Chronic exposure to CORT exacerbates LPS-induced neuroinflammation
Previously, we showed that week-long exposure to CORT enhanced both neuroinflammation and neurodegeneration in mice exposed to a neurotoxic regimen of methamphetamine . Here, we again administered CORT in the drinking water for 1 week and found that the neuroinflammatory response to LPS was markedly exacerbated by CORT; this enhanced neuroinflammatory response to LPS occurred in several brain regions (Fig 2). The exacerbation of neuroinflammation induced by CORT pretreatment resulted in a longer lasting and more accentuated response as evidenced by significantly heightened neuroinflammation at 6 and 12 hours after LPS exposure in cortex (Fig 3A) compared to LPS exposure alone (LPS data from Fig 1A included for statistical comparison).
A) A time course of LPS (2 mg/kg, s.c.)-induced neuroinflammation with and without CORT pretreatment (200 mg/L 0.6% EtOH in drinking water for one week) is shown (saline, 2, 6 and 12 hours). TNFα, IL-6, CCL2, IL-1β, LIF, and OSM mRNA levels were measured in samples prepared from cortex. Data represents mean ± SEM (n = 5 mice/group). CTX data for LPS alone treated groups are included from Fig 1A for statistical comparison. Statistical significance of at least p<0.05 is denoted by * as compared to control, # as compared to LPS alone, § as compared to 2h CORT/LPS, and ŧ as compared to 6h CORT/LPS. B & C) Effects of chronic CORT pretreatment (200 mg/L 0.6% EtOH in drinking water for one week) on LPS induced activation of the STAT3 signaling module was assessed by immunoblots of pSTAT3Tyr705 and astrogliosis was assessed by immunoassay of GFAP. Cortex samples were analyzed for pSTAT3Tyr705 (6 hours) and GFAP protein (72 hours) after LPS exposure of CORT pretreated animals. Data represent mean ± SEM (n = 5 mice/group). Saline and LPS alone treated groups are included from Fig 1B & 1C for statistical comparison. Statistical significance of at least p<0.05 is denoted by * as compared to control, # as compared to LPS alone.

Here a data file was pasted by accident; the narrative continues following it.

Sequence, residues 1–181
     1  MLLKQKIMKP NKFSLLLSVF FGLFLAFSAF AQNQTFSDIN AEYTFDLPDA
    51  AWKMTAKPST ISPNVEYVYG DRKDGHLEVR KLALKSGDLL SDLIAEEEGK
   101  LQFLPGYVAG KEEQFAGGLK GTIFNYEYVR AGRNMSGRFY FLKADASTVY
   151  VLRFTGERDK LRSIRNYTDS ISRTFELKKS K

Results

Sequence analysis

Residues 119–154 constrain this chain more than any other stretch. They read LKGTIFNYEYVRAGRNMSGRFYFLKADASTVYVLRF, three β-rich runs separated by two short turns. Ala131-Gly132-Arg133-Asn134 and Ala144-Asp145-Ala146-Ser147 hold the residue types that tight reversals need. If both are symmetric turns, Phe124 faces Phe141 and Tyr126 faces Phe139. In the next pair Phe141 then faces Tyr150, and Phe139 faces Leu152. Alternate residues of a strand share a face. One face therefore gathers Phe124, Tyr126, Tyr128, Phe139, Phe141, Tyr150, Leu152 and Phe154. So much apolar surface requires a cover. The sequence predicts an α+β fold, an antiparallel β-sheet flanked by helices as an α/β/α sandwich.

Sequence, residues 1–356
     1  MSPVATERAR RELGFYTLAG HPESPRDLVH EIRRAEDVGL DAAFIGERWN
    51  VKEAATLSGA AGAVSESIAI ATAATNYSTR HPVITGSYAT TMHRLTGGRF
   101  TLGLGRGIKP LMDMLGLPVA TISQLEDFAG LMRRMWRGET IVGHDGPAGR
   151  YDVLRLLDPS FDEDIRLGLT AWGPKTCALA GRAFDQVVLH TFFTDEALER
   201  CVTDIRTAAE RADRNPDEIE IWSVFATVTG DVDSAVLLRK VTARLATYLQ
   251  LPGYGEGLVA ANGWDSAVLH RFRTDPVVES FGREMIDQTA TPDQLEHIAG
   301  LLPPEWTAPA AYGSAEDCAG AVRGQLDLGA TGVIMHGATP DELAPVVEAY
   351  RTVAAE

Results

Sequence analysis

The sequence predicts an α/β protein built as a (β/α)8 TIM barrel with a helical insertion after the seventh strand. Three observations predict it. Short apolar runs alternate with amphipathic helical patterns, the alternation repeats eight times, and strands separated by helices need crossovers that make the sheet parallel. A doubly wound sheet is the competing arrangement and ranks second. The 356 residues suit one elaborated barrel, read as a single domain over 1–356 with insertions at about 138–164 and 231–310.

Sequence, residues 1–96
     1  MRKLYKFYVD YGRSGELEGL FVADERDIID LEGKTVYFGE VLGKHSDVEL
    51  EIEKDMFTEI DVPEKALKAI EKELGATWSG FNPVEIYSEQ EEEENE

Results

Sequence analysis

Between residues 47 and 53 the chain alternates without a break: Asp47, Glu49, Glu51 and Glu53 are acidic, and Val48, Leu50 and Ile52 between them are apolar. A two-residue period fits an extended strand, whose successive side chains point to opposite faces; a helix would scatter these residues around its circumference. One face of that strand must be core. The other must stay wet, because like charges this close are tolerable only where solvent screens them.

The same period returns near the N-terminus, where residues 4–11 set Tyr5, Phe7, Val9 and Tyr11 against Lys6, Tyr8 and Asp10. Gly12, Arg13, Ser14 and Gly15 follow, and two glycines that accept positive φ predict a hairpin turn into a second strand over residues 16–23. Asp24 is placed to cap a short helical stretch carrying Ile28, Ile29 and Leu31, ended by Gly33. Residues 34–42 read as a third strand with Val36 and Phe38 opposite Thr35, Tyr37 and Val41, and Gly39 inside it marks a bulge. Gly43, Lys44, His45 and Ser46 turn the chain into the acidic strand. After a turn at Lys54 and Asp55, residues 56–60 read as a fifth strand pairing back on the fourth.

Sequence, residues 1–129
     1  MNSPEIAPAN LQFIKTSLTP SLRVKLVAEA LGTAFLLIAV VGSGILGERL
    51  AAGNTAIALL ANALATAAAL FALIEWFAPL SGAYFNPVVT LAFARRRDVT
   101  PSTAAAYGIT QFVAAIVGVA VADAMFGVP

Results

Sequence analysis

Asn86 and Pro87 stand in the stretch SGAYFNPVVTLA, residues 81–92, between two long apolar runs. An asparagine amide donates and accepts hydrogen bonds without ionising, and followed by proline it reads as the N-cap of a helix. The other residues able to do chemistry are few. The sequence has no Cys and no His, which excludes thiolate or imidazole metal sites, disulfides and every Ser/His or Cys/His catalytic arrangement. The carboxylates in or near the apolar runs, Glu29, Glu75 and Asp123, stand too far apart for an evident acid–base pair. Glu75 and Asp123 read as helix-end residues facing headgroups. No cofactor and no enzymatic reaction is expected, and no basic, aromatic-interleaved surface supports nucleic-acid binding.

While prior CORT can enhance neurodegenerative responses seen with a neurotoxicant such as methamphetamine , an effect associated with increased activation of STAT3 and accompanying astrogliosis, these effects were not found with constant exposure to CORT in the drinking water prior to LPS (Fig 3B & 3C; saline and LPS data from Fig 1B & 1C included for statistical comparison). These observations are consistent with our prior data for LPS  where activation of STAT3 likely was not associated with activation of astrocytes, as we did not observe an accompanying increase in GFAP (Fig 3B; saline and LPS data from Fig 1B included for statistical comparison).
Chronic exposure to CORT exacerbates neuroinflammation induced by another route of LPS exposure
Mice treated with CORT in the drinking water for 1 week were exposed to aerosolized LPS for 3 hours to determine if CORT affected the neuroinflammatory response to LPS via an alternate route of exposure. Inhalation exposure to LPS alone did not affect expression of neuroinflammatory cytokines, but the prior exposure to CORT resulted in a marked increase in all cytokines, except IL-6 (Fig 4). Interestingly, mice that inhaled aerosolized water after a week of CORT had a significantly elevated mRNA expression level of TNFα and slightly reduced IL-6 mRNA.